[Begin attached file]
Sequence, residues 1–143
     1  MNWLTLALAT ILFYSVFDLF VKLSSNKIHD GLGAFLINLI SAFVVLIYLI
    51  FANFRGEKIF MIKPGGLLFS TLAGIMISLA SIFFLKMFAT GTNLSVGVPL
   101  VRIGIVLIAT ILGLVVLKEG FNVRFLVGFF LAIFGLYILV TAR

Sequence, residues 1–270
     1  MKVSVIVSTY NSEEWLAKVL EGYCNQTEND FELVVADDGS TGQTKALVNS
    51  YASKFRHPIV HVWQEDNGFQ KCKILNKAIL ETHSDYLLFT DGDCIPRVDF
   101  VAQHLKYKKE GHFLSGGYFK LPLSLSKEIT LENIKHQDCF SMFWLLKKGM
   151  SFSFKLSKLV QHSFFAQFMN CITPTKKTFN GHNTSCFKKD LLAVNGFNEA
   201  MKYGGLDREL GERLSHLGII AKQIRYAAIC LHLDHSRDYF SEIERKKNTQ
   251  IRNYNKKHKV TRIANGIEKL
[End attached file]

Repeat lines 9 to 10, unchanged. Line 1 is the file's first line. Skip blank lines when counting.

   151  SFSFKLSKLV QHSFFAQFMN CITPTKKTFN GHNTSCFKKD LLAVNGFNEA
   201  MKYGGLDREL GERLSHLGII AKQIRYAAIC LHLDHSRDYF SEIERKKNTQ